“Instead of putting it on one man, you go find six people the sheriff personally selected to corroborate his point of view,” he told The Daily Beast, claiming that the jury consisted of five white man and only one black man.

Sheriff Layman denied King’s claim that he cornered the jury.

“My selection criteria is that each of the jurors has no criminal history, they are good, legal and moral people and they do not have any connection with or know the deceased or the shooter,” he told The Daily Beast. “I did my best to choose as fair and objective as possible.”

When asked about the racial composition of the judges, Layman said the selection “was free from racial prejudice.” Crawford County has a population of about 25,000 and more than 98 percent of residents are white, according to recent census data. Black residents make up less than one percent of the county.

In addition to downplaying Layman’s process, King also accused Smith, the district attorney, of giving “one-way…presentational” evidence. “Basically, he lured them in exactly where he wanted them to go.”

Catherine Bosek, the self-identified neighbor who initially believed King let her dogs out, similarly harshly criticized Smith’s investigation and on Tuesday – though, she said, testifying in it herself. She called Smith “rude” and said she believed he was “against” her while testifying.

“Justin is the victim and [Smith] act like he’s the initiator,” she told The Daily Beast.

Smith declined to comment for this story.

Bosek told The Daily Beast that on the day of the shooting, she was sleeping in a chair when a friend told her that King had put her two dogs on a leash. She said she was upset and went to confront King, who denied releasing the dogs and jumped into his car to help her find them. She said after they found a dog and she brought it home, her car wouldn’t start, and King and his neighbor then shot him over to help her out. At the same time, her second dog was found and she said she was no longer upset with King.

She also reported King and the man who killed him were joking and walking together. “That was the last time I saw Justin alive,” Bosek said.

About 45 minutes later, Bosek continued, she heard three gunshots and stepped outside to find King lying dead on the ground.

Bosek says she doesn’t buy the shooter’s story. She told The Daily Beast that the neighbor was an odd man, and a month before the shooting took place, King told her he had threatened to shoot him, one account said. Chief Layman said jurors heard on Tuesday, but he previously claimed he didn’t know. investigators.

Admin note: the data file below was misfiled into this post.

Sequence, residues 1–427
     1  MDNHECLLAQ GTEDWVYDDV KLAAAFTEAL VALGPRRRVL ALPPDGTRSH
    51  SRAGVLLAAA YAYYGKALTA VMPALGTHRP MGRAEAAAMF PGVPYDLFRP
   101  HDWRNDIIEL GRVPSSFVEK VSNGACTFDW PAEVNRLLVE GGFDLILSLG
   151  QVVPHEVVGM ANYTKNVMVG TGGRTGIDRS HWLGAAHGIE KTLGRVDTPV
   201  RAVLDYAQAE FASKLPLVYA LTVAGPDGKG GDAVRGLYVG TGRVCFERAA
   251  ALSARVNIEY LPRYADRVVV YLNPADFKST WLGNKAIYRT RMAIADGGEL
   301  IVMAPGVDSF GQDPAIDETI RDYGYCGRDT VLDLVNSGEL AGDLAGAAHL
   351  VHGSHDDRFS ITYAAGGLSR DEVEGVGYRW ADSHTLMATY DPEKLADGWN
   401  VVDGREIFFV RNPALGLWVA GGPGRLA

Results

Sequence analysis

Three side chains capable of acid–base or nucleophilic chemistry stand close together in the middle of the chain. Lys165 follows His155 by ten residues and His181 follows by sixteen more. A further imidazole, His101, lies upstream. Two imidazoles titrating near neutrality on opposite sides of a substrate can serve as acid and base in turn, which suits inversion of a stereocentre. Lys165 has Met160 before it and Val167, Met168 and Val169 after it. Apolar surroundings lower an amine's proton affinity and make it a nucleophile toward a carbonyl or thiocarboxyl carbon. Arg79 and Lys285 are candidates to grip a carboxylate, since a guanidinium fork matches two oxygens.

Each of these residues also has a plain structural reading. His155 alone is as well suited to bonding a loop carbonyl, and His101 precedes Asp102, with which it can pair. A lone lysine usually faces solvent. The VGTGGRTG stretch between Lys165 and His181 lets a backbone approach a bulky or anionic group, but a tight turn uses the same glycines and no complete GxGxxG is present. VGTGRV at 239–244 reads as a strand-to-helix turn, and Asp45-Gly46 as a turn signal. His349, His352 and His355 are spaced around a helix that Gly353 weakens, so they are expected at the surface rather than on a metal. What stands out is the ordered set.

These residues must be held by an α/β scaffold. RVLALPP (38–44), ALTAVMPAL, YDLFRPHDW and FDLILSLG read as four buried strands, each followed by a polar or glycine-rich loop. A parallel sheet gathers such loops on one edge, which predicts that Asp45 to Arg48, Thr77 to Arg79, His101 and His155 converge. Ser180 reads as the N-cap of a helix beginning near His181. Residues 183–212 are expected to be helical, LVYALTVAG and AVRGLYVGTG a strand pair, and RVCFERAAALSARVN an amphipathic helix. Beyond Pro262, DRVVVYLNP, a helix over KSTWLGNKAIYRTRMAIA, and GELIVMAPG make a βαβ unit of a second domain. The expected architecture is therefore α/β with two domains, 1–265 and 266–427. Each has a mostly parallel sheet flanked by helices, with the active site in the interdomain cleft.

“I thought it was all bullshit,” she said. “He should have been charged.”

She admitted that she also did not know why King’s demeanor changed in the period after the neighbor left his home and King came to confront the neighbor at his home. She said that in Tuesday’s testimony, it was revealed that King was given a joint by a neighbor and that investigators asked the man if he had impregnated it, but he negate.

According to a local CBS branch, testimony during Tuesday’s interrogation revealed that King was weeding and eating meth in his system at the time of his death. The testimony also revealed that authorities and the shooter said he gave King joint. But Smith told the King family that no evidence of weeds had ever been found.

“I don’t know what happened,” Bosek said. “I wish I could know. I don’t see where the madness comes from.”

The man whom John King and Bosek have identified as the shooter – whom big-name police say they have not released because he has not been charged and whose identity authorities will not confirm Wednesday – has not respond to a request for comment.

King’s father said he was not shocked to learn that there would be no charges against his son’s killer. He sat down during the inquest on Tuesday and added that, in addition to his disappointment at Smith’s presentation of the evidence that had been shown, he was shocked by the video evidence from outside of the trailer for the show. The shooter was never produced.

King said that while his son’s case appears to be ending locally, he is appealing for help from the FBI for a possible federal case; he before expressed hope the Feds could re-engage in December.

“It really doesn’t surprise me,” King said of not being charged. “What surprised me was that they actually thought we were actually going to accept that.”

“Justin will get justice.” Justin King’s Father, Shot by Neighbor, Rips Missouri Prosecutor for Letting the Killer Strike